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Cities and...

by John Kwiatkowski

Articles/photos/links/videos and my thoughts on urbanism, city planning, and architecture, with a focus on urban interventions related to the 2016 Olympics and 2014 World Cup in Brazil.

Brazilian Airports Handed Over to Private Sector

It appears that the grip of the private sector on Brazil is getting stronger. It was announced today that Brazil’s major airports (the five largest) will become charges of private sector companies.

In order to sufficiently increase capacity and prepare adequately for the massive increase in visitors to Brazil, the government claims that they cannot handle that responsibility without massive help from corporations.

However, even this might not be enough:

"According to the government-run Ipea, or the Institute for Applied Economic Research, Brazil isn’t investing enough in its airports to sufficiently boost capacity. According to the Ipea report, which was later contested by President Rousseff’s ministers, even if Brazil completed airport construction according to planned deadlines, the expansion is still inadequate to serve the influx of people expected to attend the World Cup." 

What will happen if/when the Olympics do not live up to expectations in terms of turning a profit and launching Brazil as economic superpower? With a credit-based consumer culture, what will happen when that bubble bursts?

I am torn on the issue of the privatization of airports, in this scenario. While I generally detest excessive encroachment of the private sector into municipal affairs for its potentially deleterious effects on equality and decision-making, the Brazilian case seems to be different.

How many Brazilians will be using these airports? Since the reason for airport renovations is to accommodate millions of international visitors, is it fair to strain the public sector to pay for their arrival?

Rio Times reports that officials claim Olympics plans are "on target"

The Rio Times, the English language newspaper of Rio de Janeiro, published an article synthesizing the status and optimism presented by Rio 2016 to international sporting organizations. They claim that everything is “on target,” despite pushing back the deadline for the third time on the critically important high-speed rail system.

The article ends with a quiet mention of the cost of London’s most expensive Olympic renovations, the refurbishing of the Crystal Palace, which will cost a mere 17 million dollars. The rest of the article is littered with staggering figures for Brazilian interventions, from $21 billion (USD) for the light-rail system to the many billions of funds needed from sponsors to not require support from the Brazilian government.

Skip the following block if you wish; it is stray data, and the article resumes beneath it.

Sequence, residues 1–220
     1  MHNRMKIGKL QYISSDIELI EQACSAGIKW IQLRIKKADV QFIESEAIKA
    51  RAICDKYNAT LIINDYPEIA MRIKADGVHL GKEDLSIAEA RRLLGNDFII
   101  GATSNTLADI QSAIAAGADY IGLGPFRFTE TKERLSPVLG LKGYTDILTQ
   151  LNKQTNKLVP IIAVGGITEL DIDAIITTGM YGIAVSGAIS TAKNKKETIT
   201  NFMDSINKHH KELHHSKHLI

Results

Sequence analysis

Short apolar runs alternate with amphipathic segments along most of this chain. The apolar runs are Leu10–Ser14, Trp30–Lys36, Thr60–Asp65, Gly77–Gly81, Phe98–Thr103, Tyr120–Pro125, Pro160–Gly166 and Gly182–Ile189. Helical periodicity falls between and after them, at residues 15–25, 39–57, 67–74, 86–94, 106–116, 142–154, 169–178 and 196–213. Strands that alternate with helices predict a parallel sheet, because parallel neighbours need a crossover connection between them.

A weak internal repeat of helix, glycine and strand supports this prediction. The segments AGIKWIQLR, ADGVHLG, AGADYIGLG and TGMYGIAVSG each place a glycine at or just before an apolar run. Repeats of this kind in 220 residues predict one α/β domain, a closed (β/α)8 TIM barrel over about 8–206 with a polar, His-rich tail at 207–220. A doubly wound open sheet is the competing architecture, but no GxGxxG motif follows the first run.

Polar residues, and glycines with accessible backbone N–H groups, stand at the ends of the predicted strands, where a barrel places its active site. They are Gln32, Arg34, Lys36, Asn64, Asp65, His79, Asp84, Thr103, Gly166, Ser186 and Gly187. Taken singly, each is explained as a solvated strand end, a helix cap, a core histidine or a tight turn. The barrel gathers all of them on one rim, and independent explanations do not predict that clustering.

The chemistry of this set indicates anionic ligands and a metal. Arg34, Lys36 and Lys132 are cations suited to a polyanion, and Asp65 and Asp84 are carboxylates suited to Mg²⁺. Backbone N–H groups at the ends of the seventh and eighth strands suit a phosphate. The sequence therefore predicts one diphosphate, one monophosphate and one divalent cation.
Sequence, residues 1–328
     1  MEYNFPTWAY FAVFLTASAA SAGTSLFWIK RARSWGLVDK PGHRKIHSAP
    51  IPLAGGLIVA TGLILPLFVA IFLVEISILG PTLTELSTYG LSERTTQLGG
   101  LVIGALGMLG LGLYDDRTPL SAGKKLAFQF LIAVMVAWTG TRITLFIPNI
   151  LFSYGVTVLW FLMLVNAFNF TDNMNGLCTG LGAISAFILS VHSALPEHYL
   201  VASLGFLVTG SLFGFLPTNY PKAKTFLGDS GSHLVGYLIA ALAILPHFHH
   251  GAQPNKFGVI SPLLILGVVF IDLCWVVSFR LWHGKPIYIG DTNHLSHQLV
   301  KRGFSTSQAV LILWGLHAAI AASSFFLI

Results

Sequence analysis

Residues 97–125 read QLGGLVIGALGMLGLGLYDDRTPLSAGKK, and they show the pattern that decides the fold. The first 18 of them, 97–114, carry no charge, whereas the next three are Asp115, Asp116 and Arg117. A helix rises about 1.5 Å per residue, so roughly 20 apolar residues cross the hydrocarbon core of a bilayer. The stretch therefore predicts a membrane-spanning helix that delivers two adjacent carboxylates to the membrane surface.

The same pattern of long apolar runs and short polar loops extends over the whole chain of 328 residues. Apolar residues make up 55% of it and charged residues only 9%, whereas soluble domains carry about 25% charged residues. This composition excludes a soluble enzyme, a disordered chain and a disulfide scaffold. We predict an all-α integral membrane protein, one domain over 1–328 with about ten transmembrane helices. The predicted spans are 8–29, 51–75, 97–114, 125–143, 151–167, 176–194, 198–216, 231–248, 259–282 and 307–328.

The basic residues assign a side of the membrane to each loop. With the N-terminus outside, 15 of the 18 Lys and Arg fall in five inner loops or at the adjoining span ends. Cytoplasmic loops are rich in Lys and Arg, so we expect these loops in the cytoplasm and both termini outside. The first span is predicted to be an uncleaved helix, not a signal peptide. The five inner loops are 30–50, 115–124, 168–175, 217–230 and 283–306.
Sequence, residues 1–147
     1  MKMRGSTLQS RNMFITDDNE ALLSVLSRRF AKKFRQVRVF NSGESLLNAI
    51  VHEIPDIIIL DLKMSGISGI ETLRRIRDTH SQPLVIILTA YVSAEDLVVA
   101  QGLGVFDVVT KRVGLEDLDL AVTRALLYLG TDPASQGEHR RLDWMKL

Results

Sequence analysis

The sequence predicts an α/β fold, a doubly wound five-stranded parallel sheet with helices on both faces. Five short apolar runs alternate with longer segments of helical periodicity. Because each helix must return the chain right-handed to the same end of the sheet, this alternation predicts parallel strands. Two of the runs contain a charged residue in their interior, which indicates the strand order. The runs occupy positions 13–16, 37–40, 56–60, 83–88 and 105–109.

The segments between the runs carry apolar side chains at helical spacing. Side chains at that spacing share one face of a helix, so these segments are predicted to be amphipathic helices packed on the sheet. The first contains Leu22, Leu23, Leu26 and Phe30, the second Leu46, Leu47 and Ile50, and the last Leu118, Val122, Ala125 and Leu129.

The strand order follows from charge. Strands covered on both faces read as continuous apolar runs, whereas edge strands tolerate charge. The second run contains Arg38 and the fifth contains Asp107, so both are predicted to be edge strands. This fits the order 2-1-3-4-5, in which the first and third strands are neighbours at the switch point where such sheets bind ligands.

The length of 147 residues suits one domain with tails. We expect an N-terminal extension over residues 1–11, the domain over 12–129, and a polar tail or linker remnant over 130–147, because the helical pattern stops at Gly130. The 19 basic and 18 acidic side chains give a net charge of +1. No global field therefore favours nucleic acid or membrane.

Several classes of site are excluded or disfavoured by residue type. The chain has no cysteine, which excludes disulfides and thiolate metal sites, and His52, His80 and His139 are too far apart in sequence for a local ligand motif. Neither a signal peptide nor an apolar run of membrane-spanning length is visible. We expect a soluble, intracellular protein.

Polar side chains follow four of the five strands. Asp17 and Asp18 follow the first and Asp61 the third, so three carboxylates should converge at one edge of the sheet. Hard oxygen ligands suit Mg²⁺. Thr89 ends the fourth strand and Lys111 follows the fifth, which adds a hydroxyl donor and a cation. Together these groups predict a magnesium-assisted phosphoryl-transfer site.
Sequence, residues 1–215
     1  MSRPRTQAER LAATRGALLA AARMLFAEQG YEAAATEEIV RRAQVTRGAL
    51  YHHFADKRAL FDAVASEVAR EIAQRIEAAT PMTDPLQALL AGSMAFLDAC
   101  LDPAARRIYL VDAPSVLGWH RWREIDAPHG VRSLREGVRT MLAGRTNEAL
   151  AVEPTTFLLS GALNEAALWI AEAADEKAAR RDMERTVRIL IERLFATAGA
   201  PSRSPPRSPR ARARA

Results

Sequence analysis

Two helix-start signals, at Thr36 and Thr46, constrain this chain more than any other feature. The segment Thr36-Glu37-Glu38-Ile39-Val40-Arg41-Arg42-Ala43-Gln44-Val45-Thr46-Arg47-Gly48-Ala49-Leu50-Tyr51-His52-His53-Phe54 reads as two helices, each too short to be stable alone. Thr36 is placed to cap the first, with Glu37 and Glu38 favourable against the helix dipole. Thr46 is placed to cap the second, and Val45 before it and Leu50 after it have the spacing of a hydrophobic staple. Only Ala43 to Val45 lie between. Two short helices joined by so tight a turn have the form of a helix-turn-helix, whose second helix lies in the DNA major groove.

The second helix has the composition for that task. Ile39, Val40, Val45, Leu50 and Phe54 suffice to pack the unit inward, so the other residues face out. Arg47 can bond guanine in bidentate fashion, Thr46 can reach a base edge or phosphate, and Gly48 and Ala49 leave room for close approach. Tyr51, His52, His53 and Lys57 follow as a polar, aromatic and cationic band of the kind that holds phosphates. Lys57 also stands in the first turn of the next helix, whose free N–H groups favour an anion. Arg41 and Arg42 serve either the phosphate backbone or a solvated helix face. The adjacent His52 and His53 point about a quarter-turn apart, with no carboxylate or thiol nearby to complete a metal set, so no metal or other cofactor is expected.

While London will certainly have more expenses than the $17 million Crystal Palace project, I find it interesting that a Brazilian publication (albeit it one primarily read by ex-pats and elites) would juxtapose those figures. The UK already has the critical infrastructure and private sector funds to successfully host the Olympics, while Brazil is clearly struggling to raise the huge amount of money to sustain two major international sporting events.

Despite its rapidly growing economy, Brazil has staggering social and economic problems that place it in a blurry category between developed and developing. Will pumping billions of dollars from the private sector into infrastructure and planning initiatives stir social development as they claim? When in Brazil, we met with a representative of RioTur, an agency involved in the Olympic planning process. In the presentation, “social inclusion” was listed as a goal. When I asked him what exactly that meant to him, and what mechanisms and strategies are in place to maximize this “inclusion,” he was stumped. It might have been the language barrier, but it was worrisome. Placing shallow labels of goals for improving the lives of poor Brazilians while spending billions elsewhere appears to be placing Brazil on a track of an even more horrifically polarized society.

Reflections on Monuments, Urbanism, and Modernity in Postcolonial Mali

On Wednesday, I attended a lecture at Columbia University by Mary Jo Arnoldi from the Smithsonian Institution. She is considered one of the most eminent scholars and curators of African art and monuments, and was discussing the recent surge in monument building in Bamako, Mali between 1995 and 2002 and its relationship with postcolonial urban space and modernity. I find it pertinent to my study of Brazil because of the ways in which after independence, Bamako attempted to render the cacophany of the city into a neat, cosmopolitan modernity. This backfired in the 2005 soccer riots, when protesters turned on the monuments, damaging and destroying them. As Rio de Janeiro amps up its infrastructure and its image as a perfect modern metropolis, it will be interesting to see how public reaction unfolds during the World Cup and Olympics.

            One of her most salient points was the way in which these monuments (45 of which were built in that seven year time span) reinscribe and re-imagine public space in Bamako. At independence in 1960, the city had a population of 160,000. Since then, it has become the fastest growing city in Africa, ballooning in size to a population of over 1.8 million. Giving a spatial history of the city, she described how Bamako moved from the traditional colonial dual city model, to a model in which the African neighborhoods began to adapt characteristics of the colonial city (grid-like planning as opposed to circular/winding streets). She claimed that the rise of monuments was a way of “rationalizing the visual cacophony” of the urban space. The rationalization of space played out in many ways as a mode of social control. Most monuments were strategically placed in traffic circles, reworking street patterns, rendering it necessary to cross the street at specific junctures and playing a key role in controlling how people are able to move about the city. The majority of monuments are strategically placed along what is known as the “ceremonial way” that works its way from the international airport to the presidential palace.